We used the level contour reconstruction method (LCRM) [10, 11, 12] to track the moving two-fluid interface over time. The LCRM is a fusion form of front tracking and level set method. It has very efficient procedure tracking interface motion, because it forms a level set field with the distance function ϕf calculated from the interface and reconfigures the interface periodically and automatically. For further details, refer to the previous studies [10, 11, 12].
Since the LCRM tracks additional Lagrangian interface, the information of the contact line can be accurately calculated. Infinite shear stress from nonslip boundary condition on the wall has been relieved using the Navier slip boundary condition . An extended surface was constructed from the contact line into the solid surface to account for contact angle hysteresis by forcing dynamic contact angle. Detailed explanation regarding contact model can be found in . Since distance function for non-deforming solid can be easily computed, implementation of contact dynamics for the moving sphere becomes very straightforward. Contact angle is restricted between given advancing and receding angle. For more specific information about the contact model and two-fluid interface tracking method, see previous studies [10, 11, 12].
2.2 Tracking moving solid object
2.3 Solution process including fluid–structure interaction
Fluid–structure interaction was modeled using fictitious domain method (FDM) . FDM is basically a very simple method, assuming a moving solid as one of fluids. In other words, Navier–stokes equation was applied to the entire flow field including the solid region. Rigid body constraints were applied to the solid region with the averaged velocities (Eq. 1). Considering a nonphysical slip condition at the solid–liquid interface, an additional high viscosity coefficient is applied to the solid region .
3 Validation with benchmarking
3.1 Impacting solid sphere on free surface
3.2 Droplet impact on a stationary spherical particle
Additional benchmarking simulation, droplet impact on a stationary spherical particle, was performed to test the accuracy of moving fluid interface on curved wall. The schematic of the simulation is depicted in Fig. 2b. A stationary brass particle with a diameter of 10 mm is on top of the spherical particle in the computational domain filled with air. The size of the domain is 10 mm in both radial and axial dimensions. Open condition is applied at the upper and right-side boundary, and a symmetry condition is used at the lower boundary. A 100 times viscosity of water was used for solid region and the density of brass particle is 8600 kg/m3. A water droplet with diameter of 3.1 mm was impacting on a brass particle at a velocity of 0.436 m/s. Advancing and receding angles were set to 120° and 40°, respectively, from reference data . Considering the convergence behavior of previous benchmarking test, grid resolution of 200 × 280: 50 CPD (cells per diameter) was used (time step: 1 μs). The maximum diameter of the contact point is compared with the other numerical simulation and experimental results (see Fig. 2b). Although there is small time lag, current simulation shows better performance matching experimental maximum diameter compared to simulation from Mitra et al. .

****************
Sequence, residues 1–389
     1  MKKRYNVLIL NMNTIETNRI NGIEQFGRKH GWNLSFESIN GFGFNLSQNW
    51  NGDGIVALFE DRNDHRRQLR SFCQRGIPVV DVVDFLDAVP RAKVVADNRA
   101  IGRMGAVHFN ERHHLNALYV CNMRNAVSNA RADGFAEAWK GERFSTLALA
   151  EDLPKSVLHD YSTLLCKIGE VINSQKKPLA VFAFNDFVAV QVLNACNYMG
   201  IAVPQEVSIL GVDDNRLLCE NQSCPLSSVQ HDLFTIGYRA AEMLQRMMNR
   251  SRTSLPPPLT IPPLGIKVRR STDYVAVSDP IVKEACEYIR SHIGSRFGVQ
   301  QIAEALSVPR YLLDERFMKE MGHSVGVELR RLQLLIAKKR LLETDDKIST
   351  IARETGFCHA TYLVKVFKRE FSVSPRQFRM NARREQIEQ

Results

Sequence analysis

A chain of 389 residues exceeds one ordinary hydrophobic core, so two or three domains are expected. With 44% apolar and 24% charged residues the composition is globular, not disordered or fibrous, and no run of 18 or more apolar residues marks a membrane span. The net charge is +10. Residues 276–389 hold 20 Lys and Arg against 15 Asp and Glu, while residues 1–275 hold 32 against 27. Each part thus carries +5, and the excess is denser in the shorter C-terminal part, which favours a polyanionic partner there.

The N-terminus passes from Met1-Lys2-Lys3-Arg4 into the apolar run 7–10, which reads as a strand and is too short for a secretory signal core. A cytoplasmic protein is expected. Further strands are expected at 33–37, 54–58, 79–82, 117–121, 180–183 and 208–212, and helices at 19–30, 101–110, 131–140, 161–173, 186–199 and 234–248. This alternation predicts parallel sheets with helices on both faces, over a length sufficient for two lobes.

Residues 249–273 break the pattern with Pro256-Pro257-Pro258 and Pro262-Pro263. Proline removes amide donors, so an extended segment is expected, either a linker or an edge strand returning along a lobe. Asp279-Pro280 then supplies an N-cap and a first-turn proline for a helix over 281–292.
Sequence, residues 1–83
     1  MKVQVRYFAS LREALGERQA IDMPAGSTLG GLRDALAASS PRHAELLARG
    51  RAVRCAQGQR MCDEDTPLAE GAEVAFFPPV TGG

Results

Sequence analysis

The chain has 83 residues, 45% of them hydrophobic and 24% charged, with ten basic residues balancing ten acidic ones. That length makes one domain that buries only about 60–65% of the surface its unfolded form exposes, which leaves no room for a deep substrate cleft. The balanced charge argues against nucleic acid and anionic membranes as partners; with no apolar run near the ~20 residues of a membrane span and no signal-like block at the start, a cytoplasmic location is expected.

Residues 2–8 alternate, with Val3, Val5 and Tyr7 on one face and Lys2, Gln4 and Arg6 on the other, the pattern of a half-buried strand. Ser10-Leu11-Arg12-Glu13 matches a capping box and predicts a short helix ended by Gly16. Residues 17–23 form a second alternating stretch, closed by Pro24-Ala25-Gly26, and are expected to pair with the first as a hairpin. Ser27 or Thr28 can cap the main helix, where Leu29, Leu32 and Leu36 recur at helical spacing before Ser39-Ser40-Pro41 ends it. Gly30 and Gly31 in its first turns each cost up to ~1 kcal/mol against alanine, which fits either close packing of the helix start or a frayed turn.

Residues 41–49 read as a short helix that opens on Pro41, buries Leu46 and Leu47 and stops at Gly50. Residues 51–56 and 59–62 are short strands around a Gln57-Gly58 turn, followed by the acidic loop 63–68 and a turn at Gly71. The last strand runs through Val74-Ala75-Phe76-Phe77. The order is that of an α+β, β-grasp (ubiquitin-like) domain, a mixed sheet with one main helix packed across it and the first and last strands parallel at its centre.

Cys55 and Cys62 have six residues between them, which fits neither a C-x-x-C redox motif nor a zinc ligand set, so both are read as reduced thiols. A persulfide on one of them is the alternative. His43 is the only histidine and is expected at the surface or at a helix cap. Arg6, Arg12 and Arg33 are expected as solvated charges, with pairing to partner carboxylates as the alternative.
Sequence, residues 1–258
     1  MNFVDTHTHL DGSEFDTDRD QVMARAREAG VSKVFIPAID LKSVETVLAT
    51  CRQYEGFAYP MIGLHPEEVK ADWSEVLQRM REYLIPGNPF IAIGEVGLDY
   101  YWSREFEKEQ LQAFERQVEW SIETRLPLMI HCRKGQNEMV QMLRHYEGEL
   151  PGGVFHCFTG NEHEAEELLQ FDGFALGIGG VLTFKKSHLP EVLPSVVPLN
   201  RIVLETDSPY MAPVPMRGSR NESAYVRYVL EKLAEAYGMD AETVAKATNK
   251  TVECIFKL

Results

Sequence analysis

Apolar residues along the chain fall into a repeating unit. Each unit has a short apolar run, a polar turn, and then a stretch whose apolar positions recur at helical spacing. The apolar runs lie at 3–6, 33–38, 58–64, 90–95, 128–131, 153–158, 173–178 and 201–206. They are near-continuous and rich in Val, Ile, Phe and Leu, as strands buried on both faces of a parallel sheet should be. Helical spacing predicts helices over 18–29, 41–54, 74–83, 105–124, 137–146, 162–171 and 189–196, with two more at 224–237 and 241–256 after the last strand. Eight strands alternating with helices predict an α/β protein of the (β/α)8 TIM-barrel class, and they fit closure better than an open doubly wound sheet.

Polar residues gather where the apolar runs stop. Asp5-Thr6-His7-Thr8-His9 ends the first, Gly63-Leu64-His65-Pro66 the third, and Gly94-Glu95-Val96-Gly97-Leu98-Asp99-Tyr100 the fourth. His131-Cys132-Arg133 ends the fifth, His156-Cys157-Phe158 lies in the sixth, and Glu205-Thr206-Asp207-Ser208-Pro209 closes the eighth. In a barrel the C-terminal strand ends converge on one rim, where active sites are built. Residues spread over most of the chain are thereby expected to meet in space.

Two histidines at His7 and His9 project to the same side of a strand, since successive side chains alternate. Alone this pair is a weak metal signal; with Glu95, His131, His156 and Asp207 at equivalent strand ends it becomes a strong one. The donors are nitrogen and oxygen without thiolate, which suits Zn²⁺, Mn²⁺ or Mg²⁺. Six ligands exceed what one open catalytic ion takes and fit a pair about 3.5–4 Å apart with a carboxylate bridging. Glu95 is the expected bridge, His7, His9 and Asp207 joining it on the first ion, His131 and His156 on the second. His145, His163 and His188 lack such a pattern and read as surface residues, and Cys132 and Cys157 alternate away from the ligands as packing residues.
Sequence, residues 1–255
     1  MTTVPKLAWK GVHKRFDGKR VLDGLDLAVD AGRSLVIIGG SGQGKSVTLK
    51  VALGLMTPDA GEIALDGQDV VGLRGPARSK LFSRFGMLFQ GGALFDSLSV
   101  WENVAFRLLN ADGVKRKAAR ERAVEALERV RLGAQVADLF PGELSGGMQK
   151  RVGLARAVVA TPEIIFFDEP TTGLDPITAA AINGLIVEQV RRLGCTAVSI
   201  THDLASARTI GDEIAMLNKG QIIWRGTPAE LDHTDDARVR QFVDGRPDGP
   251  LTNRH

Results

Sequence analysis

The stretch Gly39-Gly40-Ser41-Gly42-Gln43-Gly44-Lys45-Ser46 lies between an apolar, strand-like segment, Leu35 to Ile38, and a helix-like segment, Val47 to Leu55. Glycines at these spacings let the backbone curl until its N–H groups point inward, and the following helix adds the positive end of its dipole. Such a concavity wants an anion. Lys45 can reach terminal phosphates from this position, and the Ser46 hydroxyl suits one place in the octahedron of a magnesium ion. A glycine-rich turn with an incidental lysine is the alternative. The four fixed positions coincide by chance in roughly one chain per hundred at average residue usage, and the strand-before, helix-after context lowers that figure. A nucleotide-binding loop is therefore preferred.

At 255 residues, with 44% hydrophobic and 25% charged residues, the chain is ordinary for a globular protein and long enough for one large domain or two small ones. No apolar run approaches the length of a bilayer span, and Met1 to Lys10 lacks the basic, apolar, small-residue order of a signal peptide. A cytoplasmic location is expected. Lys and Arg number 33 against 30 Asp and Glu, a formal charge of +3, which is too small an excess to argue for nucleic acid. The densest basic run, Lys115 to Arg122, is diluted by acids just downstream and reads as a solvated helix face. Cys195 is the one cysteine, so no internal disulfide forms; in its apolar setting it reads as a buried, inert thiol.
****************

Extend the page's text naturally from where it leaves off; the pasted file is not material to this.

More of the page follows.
4 Results and discussion
The actual phenomena involving particle–droplet interaction such as wet scrubber or collision between raindrops and aerosol would be affected by various factors such as relative velocity, impact direction, and distance between center axes, etc. However, we simplified the simulation geometry considering the initial research status. First, the distance between the center axis of the particle and the droplet was set to zero (center-to-center interaction). In addition, the shapes of the particle and the droplet were assumed to be sphere at the start. Since we are focusing on surface tension-driven interface interacting with freely moving solid, droplet was initially placed on top of the solid with contact angle of 170°. Water advancing and receding angles were set to 65° and 35° [20, 21], respectively. The gravity was also ignored and the viscosity of solid particle is 100 times of water similar to benchmarking setting.